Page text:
Donald “Cowboy” Cerrone is sitting in front of the bar he recently built on his 10-acre BMF Ranch in Edgewood, New Mexico. Exactly 100 days have passed since he suffered a 40-second knockout loss to Conor McGregor at UFC 246, and he is about to address it publicly for the first time.
The interview is to be conducted via the video conference app Zoom, which has grown in popularity over the past six weeks amid quarantining measures to combat the coronavirus. Cerrone has trouble logging in at first, and he even asks if the interviewer can just call him “like a normal f—ing person.” But eventually, he logs in, and within moments — before he is even asked about it — he brings up arguably the worst loss of his career.
“It’s hard, man,” he says. “It’s hard to prepare for something like that and make it 40 f—ing seconds. It’s tough. I don’t even mind people out there [criticizing him], but internally, my guys, it’s hard to choke that up. I don’t know. I don’t have excuses. It sucked.”
Cerrone, 37, has suffered 14 losses during his 14-year career, but this one affected him a little differently. He took a hard break from his gym on the ranch and admitted feeling sorry for himself. He envisioned retirement, but he wasn’t quite there. For the time being, his passion for fighting is back, and he’ll return to the Octagon on May 9 against Anthony Pettis at UFC 249 in Jacksonville, Florida.
“Usually, I get right back in there,” he says. “This one, I didn’t. I just kind of sat in self-pity.”
Cerrone is one of the most popular fighters in the sport, and he holds the record for the most wins in UFC history with 23. He is a surefire Hall of Famer, but he also is known to have turned in some of his worst performances during his biggest fights. It is something he referenced ahead of that McGregor bout, declaring during a large media scrum, “Cowboy’s showing up for the big one.”
It didn’t work out that way.
“Donald showed up; Cowboy wasn’t there,” Cerrone says. “The wrong guy showed up. I couldn’t get going, couldn’t get excited, couldn’t get fired up. I didn’t want to be there. Biggest fight, all of the attention, my time to shine, and I didn’t want to be there. It was crazy. I don’t know why. I don’t know how. I don’t know how to change it.
“Two days before the fight [I knew] … I can’t put words on it. It’s like being somewhere you don’t want to be, man. It’s like being in a spelling contest and you can’t spell.”
“I didn’t want to be there. Biggest fight, all of the attention, my time to shine, and I didn’t want to be there. It was crazy. I don’t know why. I don’t know how. I don’t know how to change it.”
Despite the frustration and time off, Cerrone says he has made peace with the McGregor loss, and he is excited to get back to his normal routine for this next fight. And “normal” for Cowboy means not a lot of time to overthink it: less of a focus on what’s at stake, and more on enjoying the moment.
He is so excited about fighting again that he jokingly floated the idea of asking UFC president Dana White if he can fight on all three cards next week — May 9, 13 and 16.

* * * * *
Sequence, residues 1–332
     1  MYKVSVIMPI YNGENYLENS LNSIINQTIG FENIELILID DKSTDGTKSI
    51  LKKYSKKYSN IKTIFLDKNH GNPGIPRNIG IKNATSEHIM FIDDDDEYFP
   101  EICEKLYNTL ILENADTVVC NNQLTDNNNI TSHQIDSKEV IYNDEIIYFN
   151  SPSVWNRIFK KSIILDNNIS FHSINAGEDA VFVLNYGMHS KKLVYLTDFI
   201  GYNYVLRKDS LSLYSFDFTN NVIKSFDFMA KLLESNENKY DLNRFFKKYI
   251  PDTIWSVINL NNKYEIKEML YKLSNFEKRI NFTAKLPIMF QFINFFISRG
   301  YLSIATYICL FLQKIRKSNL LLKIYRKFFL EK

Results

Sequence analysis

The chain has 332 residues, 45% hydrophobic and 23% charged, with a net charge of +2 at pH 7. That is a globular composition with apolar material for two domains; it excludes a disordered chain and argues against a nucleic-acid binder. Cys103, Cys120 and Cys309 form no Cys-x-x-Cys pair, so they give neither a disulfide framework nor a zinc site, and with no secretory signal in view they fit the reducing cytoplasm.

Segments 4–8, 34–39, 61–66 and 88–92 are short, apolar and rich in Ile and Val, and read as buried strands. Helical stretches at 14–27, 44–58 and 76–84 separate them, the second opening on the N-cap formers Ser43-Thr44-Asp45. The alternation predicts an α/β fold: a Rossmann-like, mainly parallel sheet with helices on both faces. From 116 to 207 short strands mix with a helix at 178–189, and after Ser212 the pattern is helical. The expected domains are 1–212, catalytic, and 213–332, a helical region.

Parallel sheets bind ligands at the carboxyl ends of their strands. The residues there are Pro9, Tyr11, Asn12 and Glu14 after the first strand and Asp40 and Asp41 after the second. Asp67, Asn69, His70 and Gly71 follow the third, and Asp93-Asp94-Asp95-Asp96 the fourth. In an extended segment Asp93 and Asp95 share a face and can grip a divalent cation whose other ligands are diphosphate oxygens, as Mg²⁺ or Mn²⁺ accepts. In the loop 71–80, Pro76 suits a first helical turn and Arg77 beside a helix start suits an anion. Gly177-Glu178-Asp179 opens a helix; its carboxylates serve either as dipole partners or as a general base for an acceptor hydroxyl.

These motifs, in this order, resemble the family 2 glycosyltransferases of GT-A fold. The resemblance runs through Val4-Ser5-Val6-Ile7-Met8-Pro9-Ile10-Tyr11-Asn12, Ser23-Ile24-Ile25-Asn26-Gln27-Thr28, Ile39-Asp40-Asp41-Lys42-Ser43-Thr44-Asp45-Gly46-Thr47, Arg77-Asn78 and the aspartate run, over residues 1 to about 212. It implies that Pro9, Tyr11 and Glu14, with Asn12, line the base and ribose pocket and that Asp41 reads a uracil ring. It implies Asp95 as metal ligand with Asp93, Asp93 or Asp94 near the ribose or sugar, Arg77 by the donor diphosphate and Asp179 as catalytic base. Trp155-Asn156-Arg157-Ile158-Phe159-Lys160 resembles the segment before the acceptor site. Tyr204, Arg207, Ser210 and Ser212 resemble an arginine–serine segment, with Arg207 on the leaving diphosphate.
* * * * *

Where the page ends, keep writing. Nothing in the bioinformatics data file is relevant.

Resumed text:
“This is who I am, this fight right here,” Cerrone says. “Them calling me and me fighting in two weeks, that’s who I am. Short time, get to work, go fight. That’s me. So, I feel good … I’m gonna go in there, win this fight and say, ‘Hey, Dana, you got anyone lined up for Wednesday?’ I’ll be the first fighter to bang out three fights in one week.”
Cerrone is determined to enjoy as many fights as he can, because for the first time, he is publicly acknowledging that he sees “the end of the tunnel” on his fighting career. He has long joked the UFC will have to physically restrain him from walking to the Octagon in his old age, but with his son Danger turning 2 this summer and with another son — who will be named Riot — on the way, his perspective has changed.
“It’s there. I’m getting old. I can feel it,” Cerrone says. “I can’t keep up with these young guys anymore. I want to say a couple more years, honestly. I’m not talking about retirement now, but I used to be able to see [the end] way down there. Now I can see it. I’ve probably realistically got a couple years, and that’s pushing it. So, I’m gonna fight my ass off, take as many as they’ll let me, and we’ll see.
Donald Cerrone discusses how he didn’t feel well ahead of his fight vs. Conor McGregor and his lack of interest in being there.
“I could [keep fighting] until they won’t let me, but how healthy can I stay is the real question. How many shots can I take to the brain before my kids are reading to me? That’s the real concern.”
Jafari Vanier, Cerrone’s longtime head coach, still believes it’s possible to make one more run at the title, and all it would take is to put “one or two fights together.” But that does not seem to be on Cerrone’s mind. After perhaps falling victim to the pressure in January, it’s obvious he wants to have fun with his bout on May 9. He wants to want to be there.
“He’s said before he can see the light at the end of the tunnel. He might just be seeing it brighter now,” Vanier says. “We’re not stupid, and I mean that in the way of, we’re not going to push him beyond the limit, where you see guys who should have retired and keep pushing. We’re taking it fight by fight. We’re not talking about retirement or saying, ‘We have this many left.’ We’re just keeping it moving, which is what Cowboy does.”